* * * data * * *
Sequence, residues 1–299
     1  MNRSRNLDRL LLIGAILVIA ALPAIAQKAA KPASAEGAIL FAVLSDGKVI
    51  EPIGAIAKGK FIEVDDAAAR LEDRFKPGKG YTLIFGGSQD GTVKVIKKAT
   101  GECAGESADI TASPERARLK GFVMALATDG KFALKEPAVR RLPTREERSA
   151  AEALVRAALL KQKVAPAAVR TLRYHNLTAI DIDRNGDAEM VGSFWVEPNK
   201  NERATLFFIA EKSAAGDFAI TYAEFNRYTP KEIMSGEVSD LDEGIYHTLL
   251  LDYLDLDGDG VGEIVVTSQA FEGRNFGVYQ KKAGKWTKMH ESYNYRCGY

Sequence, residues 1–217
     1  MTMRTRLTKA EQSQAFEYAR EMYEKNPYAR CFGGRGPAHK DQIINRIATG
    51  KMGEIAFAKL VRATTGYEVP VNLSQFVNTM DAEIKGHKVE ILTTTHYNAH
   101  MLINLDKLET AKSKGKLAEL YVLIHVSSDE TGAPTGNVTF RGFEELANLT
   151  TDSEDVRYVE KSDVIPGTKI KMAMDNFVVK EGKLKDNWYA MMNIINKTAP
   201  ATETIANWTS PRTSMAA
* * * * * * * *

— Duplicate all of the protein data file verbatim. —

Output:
Sequence, residues 1–299
     1  MNRSRNLDRL LLIGAILVIA ALPAIAQKAA KPASAEGAIL FAVLSDGKVI
    51  EPIGAIAKGK FIEVDDAAAR LEDRFKPGKG YTLIFGGSQD GTVKVIKKAT
   101  GECAGESADI TASPERARLK GFVMALATDG KFALKEPAVR RLPTREERSA
   151  AEALVRAALL KQKVAPAAVR TLRYHNLTAI DIDRNGDAEM VGSFWVEPNK
   201  NERATLFFIA EKSAAGDFAI TYAEFNRYTP KEIMSGEVSD LDEGIYHTLL
   251  LDYLDLDGDG VGEIVVTSQA FEGRNFGVYQ KKAGKWTKMH ESYNYRCGY

Sequence, residues 1–217
     1  MTMRTRLTKA EQSQAFEYAR EMYEKNPYAR CFGGRGPAHK DQIINRIATG
    51  KMGEIAFAKL VRATTGYEVP VNLSQFVNTM DAEIKGHKVE ILTTTHYNAH
   101  MLINLDKLET AKSKGKLAEL YVLIHVSSDE TGAPTGNVTF RGFEELANLT
   151  TDSEDVRYVE KSDVIPGTKI KMAMDNFVVK EGKLKDNWYA MMNIINKTAP
   201  ATETIANWTS PRTSMAA